Amid countless speeches from the likes of Newt Gingrich, Dick Armey, J.C. Watts and rising star Marco Rubio to Mike Pence, Liz Cheney and Mitt Romney, countless rally cries for change are echoing from throughout the ballrooms of the Marriott Wardman Park Hotel and into the political world.
Along with insightful and inspiring, pep-like speeches to motivate the conservative forces, there are countless workshops and organizational training classes that are aimed at allowing dedicated activists to focus their energies on the development of increasing effective grass development and activism.
Among one of the highlights of the annual conference is the CPAC Presidential Straw Poll. The results of the straw are a clear signal of whom the base of the Republican is most energized by and a hint of who has the base’s momentum as we move closer and closer to the presidential election.
For the last three years, former Governor Mitt Romney has taken that honor. Last year he won the CPAC just a day after he withdrew from the Republican presidential nomination contest that ultimately went to Senator John McCain.
This year the CPAC ballot consisted of eleven names Mitt Romney, Indiana Congressman Mike Pence, Mississippi Governor Haley Barbour, former Alaska Governor and GOP Vice Presidential nominee Sarah Palin, South Dakota Senator John Thune, former Speaker of the House Newt Gingrich, Texas Congressman and perennial presidential candidate Ron Paul, Indiana Governor Mitch Daniels, Minnesota Governor Tim Pawlenty, former Pennsylvania Senator Rick Santorum and former Arkansas Governor Mike Huckabee. A twelfth option was offered on the ballot in the reform of a space for voters to write-in any other preference that they may have.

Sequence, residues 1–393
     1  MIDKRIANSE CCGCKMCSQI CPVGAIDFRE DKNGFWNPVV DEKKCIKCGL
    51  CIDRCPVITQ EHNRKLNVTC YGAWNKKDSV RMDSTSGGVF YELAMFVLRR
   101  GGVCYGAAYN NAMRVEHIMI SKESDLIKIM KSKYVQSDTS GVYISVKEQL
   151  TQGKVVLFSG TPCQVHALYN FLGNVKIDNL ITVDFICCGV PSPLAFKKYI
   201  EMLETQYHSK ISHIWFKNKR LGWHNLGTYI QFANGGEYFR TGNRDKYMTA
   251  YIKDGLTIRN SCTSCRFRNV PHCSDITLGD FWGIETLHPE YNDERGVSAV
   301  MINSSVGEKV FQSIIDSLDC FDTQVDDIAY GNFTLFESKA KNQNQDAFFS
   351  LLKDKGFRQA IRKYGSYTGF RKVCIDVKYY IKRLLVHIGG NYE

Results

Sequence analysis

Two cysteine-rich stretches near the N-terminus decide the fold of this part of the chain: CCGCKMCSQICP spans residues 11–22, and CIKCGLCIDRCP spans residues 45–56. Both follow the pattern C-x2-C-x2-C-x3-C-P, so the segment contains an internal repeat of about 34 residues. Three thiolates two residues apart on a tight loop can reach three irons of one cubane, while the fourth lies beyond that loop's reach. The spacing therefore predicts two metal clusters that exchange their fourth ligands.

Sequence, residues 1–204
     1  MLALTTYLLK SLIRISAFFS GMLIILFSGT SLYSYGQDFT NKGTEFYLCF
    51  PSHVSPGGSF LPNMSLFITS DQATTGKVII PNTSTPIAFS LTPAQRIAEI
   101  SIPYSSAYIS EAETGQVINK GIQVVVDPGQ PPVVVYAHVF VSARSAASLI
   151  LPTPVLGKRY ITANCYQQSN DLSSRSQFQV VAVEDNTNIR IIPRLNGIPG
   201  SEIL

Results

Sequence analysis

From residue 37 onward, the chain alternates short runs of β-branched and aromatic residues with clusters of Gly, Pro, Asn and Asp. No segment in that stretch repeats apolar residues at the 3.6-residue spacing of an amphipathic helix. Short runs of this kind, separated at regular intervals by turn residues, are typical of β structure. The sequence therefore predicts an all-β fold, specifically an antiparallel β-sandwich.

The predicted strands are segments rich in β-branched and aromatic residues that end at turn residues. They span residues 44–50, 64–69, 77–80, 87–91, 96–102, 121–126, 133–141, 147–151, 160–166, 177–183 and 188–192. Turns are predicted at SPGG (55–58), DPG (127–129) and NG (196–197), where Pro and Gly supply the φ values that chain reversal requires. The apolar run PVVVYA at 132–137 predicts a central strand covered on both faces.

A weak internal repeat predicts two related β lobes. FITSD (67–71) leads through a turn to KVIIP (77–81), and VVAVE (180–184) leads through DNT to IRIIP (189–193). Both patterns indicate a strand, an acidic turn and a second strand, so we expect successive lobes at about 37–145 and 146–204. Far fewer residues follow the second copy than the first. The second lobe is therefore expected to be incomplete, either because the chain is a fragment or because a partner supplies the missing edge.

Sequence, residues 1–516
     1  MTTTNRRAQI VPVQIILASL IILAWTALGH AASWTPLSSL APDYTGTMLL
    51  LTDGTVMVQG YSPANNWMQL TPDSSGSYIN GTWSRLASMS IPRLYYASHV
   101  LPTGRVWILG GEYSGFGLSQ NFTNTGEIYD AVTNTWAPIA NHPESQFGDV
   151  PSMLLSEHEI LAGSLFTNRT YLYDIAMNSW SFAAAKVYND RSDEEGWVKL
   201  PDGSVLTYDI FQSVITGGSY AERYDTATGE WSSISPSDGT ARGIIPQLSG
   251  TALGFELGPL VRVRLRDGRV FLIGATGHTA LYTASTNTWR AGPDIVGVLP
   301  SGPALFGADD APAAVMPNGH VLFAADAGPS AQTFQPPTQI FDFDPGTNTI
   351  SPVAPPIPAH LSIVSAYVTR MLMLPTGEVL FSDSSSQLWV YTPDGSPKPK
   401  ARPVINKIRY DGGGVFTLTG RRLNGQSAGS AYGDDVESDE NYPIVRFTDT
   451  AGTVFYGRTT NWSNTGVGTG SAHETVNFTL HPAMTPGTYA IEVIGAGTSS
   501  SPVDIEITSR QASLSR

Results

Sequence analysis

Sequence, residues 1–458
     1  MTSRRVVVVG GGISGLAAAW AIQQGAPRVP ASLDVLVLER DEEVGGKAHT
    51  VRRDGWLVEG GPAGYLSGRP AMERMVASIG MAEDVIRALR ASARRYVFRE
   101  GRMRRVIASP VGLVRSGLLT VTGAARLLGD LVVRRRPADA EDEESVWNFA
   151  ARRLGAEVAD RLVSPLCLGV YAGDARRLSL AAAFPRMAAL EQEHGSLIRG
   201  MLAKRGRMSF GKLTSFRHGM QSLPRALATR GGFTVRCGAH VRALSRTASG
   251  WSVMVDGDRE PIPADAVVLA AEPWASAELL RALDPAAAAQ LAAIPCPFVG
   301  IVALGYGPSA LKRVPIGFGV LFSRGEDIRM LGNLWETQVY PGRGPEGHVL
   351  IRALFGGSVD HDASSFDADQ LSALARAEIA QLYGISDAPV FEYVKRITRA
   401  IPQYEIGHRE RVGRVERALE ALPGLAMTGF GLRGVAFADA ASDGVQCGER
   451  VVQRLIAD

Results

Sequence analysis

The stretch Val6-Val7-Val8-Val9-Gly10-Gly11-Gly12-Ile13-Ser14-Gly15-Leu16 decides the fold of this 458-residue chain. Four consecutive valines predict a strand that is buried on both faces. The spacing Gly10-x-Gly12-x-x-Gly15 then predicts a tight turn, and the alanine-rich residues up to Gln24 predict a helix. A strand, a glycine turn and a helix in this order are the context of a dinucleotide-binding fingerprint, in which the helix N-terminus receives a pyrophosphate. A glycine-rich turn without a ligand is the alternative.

Just moments ago, in what can only be seen as a surprie upset, the results of the straw poll were released and this is how it turned out:
- Ron Paul 31%
- Mitt Romney 22%
- Sarah Palin 7%
- Tim Pawlenty 6%
- Mike Pence 5%
Of the 10.000 people in attendance, only 2,400 cast a straw ballot and from the looks of things, the ever dilligent Ron Paul had his very loyal, vocal militant supporters passing out as many ballots as possible.
So although Congressman Paul can claim this victory, most people, including those in attendance at the CPAC conference, will tell you that no one expects Ron Paul to be the nominee of any major party in 2012.
Two good signs from this poll though are that even without a corrdinated push for a ballot position thi year, Mitt Romney remains to be a favorite. The other optimistic sign is Mike Pence’s 5th place showing.
As a relatively unknown Indiana Congressman, Mike Pence has made quite a name for himself, especially in the area of fiscal conservatism. Apparently that is beginning to catch the eye of many.